darius, what sort of plants do you grow in your wall?

pepper, I clicked on the link, twice, and got the internet shut down twice. The picture show at the top was loading first time, second time I let it load, third time I realised it was the Island Garden anyway! But I didn't see a purple wall! Still, they are very interesting gardens.
pepper23
KC Metro area, MO
(Zone 6a)

February 25, 2007
11:54 PM

Post #3224966

It was a wall covered in lavender colored plants. It can be hard to miss. lol

darius

darius
So.App.Mtns.
United States
(Zone 5b)

February 26, 2007
12:01 AM

Post #3224988

Heck, my internet froze when I tried to go to the link. Twice.

Wallaby, mostly small plants like thyme.
pepper23
KC Metro area, MO
(Zone 6a)

February 26, 2007
12:48 AM

Post #3225130

That is weird. I had no problem and I am on dial-up. Computers have attitude problems sometimes. LOL
wallaby1
Lincoln
United Kingdom
(Zone 8a)

February 26, 2007
1:18 AM

Post #3225231

I tried the link again, looked at the one you said and I still can't see the wall, there's a path way between the lakes with plants at the edges.

I went back again to look at the second link again, there was a short wall there or somewhere, I didn't allow the pic show to load, clicked on the next link and got shut down again!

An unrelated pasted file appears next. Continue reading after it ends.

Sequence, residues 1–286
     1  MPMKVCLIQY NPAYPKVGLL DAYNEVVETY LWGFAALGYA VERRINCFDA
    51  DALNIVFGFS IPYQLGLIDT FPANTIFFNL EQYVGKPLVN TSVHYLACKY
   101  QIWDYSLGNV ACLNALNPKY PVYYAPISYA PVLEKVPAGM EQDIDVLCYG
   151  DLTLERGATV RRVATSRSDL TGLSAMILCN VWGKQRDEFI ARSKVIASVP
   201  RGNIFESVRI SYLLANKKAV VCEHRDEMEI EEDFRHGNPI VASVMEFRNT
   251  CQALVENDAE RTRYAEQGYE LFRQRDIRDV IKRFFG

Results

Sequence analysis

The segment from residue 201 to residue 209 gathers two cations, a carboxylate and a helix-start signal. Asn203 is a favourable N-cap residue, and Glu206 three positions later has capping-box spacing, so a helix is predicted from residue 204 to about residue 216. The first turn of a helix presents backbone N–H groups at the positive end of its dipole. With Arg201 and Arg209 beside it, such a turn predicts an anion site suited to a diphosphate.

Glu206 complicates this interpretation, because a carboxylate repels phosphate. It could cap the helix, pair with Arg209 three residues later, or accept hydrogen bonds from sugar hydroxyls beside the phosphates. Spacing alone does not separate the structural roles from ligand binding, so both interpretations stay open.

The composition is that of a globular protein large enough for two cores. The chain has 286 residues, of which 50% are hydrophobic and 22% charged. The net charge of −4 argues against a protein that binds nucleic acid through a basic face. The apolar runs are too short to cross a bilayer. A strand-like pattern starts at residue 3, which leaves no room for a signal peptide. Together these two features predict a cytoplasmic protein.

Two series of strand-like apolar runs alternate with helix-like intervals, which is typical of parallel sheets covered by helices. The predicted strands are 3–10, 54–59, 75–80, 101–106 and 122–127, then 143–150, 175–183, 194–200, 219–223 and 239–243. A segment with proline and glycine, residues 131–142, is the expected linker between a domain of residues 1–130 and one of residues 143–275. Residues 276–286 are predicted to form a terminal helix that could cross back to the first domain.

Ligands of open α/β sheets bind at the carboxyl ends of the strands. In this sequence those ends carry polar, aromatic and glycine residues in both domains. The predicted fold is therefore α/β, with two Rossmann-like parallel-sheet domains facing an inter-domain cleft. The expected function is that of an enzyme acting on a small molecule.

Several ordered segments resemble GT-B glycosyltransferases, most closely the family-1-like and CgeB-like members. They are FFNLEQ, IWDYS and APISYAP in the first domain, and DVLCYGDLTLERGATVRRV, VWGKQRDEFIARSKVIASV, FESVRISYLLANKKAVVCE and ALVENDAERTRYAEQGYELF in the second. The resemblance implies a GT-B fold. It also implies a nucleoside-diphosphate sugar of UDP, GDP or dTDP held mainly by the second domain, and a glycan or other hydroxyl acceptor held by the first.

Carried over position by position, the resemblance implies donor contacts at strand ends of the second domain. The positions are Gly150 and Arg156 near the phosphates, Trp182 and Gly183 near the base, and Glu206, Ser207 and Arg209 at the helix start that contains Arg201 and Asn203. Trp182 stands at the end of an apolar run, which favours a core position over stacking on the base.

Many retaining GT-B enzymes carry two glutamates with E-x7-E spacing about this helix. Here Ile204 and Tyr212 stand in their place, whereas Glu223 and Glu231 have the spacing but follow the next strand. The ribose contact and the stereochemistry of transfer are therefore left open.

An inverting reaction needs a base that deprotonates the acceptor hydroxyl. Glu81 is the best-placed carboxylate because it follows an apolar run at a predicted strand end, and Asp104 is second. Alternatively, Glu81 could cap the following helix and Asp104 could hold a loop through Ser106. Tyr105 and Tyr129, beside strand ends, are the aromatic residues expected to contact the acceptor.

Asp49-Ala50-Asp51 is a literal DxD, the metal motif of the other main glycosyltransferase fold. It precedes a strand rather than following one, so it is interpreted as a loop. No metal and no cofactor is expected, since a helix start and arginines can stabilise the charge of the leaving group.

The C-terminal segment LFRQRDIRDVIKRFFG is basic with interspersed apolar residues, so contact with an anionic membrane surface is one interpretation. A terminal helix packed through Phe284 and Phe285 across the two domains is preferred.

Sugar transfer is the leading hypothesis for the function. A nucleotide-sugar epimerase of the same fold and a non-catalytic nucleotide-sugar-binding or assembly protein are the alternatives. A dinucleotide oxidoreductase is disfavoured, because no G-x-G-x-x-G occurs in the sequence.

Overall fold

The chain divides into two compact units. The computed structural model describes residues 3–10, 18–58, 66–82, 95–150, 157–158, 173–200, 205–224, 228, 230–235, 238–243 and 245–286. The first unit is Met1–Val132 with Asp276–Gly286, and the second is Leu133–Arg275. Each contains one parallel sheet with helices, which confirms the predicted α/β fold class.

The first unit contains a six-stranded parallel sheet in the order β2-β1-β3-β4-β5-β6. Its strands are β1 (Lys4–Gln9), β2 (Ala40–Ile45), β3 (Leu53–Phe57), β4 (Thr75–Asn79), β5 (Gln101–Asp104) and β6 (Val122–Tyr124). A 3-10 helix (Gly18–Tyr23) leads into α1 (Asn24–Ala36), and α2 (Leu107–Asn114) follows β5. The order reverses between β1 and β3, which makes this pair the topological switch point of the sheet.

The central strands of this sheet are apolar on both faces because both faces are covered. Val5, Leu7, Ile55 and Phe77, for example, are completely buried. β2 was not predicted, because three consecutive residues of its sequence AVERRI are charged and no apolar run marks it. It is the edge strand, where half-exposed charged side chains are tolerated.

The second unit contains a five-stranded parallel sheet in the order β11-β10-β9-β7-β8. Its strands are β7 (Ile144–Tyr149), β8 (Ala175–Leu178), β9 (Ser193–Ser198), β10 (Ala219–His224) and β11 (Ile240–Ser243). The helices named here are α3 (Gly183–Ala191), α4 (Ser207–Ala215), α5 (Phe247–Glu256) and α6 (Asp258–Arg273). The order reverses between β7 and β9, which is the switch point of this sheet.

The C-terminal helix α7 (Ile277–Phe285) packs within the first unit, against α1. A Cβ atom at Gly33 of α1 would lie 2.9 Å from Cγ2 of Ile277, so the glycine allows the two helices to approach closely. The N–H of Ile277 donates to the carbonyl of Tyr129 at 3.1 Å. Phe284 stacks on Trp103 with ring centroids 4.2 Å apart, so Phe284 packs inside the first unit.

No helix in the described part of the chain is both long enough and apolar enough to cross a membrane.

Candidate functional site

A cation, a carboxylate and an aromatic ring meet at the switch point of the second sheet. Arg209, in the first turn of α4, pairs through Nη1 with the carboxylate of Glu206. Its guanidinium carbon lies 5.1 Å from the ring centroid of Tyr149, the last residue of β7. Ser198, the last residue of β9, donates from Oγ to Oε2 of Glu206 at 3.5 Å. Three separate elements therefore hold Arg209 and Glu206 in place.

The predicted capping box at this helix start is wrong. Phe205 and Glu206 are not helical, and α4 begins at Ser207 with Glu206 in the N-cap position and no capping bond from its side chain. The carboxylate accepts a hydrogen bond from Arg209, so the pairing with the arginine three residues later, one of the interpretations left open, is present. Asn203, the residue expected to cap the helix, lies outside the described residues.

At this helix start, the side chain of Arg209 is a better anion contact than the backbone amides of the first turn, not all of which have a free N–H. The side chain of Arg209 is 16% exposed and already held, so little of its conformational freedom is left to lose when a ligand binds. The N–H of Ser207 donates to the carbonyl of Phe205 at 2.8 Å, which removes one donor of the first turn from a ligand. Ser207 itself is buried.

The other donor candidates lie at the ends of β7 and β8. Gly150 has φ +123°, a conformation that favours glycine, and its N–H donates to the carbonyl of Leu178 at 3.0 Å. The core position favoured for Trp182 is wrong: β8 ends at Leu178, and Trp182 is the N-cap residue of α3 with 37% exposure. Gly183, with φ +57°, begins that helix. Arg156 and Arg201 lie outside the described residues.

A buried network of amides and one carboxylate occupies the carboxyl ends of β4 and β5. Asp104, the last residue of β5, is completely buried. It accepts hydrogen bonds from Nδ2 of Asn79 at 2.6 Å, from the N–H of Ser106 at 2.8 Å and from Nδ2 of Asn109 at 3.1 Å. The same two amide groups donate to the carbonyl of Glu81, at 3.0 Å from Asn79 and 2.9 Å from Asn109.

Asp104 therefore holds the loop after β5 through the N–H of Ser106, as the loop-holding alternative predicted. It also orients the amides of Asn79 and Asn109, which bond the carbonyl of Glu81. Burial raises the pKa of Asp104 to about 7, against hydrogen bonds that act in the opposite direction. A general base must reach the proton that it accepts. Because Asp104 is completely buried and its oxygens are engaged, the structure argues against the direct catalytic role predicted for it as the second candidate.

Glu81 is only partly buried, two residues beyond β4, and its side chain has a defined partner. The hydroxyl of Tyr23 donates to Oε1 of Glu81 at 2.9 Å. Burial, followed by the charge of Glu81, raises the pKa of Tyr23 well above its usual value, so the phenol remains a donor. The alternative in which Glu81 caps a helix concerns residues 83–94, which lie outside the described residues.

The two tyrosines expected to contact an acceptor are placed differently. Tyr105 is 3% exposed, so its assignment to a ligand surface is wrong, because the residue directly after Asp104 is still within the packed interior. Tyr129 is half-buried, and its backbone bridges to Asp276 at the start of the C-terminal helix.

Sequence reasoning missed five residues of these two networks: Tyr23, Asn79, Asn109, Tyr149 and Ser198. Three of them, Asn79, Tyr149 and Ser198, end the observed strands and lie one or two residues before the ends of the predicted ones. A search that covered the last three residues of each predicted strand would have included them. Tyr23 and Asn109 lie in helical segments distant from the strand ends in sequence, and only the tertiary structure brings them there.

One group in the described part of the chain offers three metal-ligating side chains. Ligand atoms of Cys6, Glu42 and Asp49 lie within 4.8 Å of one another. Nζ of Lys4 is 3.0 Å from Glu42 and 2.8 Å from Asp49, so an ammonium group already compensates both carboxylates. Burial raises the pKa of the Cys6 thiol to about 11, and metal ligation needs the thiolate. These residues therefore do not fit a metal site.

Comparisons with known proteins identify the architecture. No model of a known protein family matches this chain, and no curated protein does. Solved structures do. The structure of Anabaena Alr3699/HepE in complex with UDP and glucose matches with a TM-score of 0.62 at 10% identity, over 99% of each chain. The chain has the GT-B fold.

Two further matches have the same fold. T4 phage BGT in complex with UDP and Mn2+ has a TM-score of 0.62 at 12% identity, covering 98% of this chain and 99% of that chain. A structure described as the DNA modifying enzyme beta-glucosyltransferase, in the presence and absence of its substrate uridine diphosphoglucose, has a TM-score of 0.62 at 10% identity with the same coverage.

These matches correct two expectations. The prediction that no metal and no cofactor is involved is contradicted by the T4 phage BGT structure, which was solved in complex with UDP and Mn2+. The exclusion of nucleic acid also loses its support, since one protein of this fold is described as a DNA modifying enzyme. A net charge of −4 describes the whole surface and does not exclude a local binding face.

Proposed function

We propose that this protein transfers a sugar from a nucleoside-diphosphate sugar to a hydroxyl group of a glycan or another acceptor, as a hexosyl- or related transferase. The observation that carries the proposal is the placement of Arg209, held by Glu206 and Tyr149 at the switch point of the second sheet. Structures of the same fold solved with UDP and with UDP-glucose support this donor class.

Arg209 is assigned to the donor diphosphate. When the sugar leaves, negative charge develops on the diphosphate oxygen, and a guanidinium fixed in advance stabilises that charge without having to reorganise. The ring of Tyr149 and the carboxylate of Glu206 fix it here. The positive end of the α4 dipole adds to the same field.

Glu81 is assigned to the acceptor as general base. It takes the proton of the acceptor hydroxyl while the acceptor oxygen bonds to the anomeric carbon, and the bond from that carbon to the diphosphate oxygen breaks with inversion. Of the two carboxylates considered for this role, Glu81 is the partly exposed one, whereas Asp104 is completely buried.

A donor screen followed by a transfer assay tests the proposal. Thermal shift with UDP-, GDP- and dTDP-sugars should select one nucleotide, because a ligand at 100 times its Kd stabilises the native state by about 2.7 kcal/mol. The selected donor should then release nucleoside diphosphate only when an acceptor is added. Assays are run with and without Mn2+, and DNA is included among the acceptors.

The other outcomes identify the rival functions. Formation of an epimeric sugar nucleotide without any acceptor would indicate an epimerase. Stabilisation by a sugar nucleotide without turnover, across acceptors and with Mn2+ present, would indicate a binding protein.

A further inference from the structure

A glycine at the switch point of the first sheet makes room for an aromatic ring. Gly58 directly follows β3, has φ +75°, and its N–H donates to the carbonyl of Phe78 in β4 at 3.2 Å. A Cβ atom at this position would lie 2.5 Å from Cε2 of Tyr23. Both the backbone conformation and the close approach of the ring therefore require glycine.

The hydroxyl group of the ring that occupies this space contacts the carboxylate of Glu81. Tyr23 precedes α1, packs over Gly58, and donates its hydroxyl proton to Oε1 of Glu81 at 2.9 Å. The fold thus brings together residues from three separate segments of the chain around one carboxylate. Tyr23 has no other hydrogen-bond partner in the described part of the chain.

darius I can imagine Thyme would be tempting to rub for the fragrance, it likes sun though. I have ferns that may like to live there, not sure what else would in the shade. I wonder if there is a herb that smells nice and likes shade, which will also stand dryness, tall order!
pepper23
KC Metro area, MO
(Zone 6a)

February 26, 2007
1:25 AM

Post #3225254

Think that's a tall order? I have a spot where it gets no rain and is in shade. It is under an overhang at the back of the house and there are walnut trees, oak trees, and another big tree providing shade there. I want to plant something there but don't know of anything that can handle that tall order.
wallaby1
Lincoln
United Kingdom
(Zone 8a)

February 26, 2007
12:30 PM

Post #3226185

Ivy?

I found a list of 10 plants just for your spot!

http://landscaping.about.com/od/plantsforshadyareas/a/dry_shade_plant.htm

I have Pachysandra terminalis, it's slow for a start then spreads but not at a rapid pace, has white flowers in spring, dwarf, good ground cover, evergreen.
bonitin
Gent
Belgium
(Zone 8a)

February 26, 2007
9:27 PM

Post #3227732

Pepper,

I think that there isn't a plant that can survive without any water at all!
Even the toughest among the drought and shadow tolerant plants will give up at the end, unless you help them in providing them with water once in a while. In fact no life is sustainable without water. (It is the element where all life originates from!).

You could think of an alternative to use that space, perhaps creating a nice sitting place, looking at your garden, even when it's raining, because you stay dry!

pepper23
KC Metro area, MO
(Zone 6a)

February 27, 2007
12:37 AM

Post #3228291

I don't mind watering them, they just won't get rain. I would create a spot to sit but the view of my neighbor's is not pretty and not blocked. So that leaves plants. lol

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Other Sustainable Alternatives Threads you might be interested in: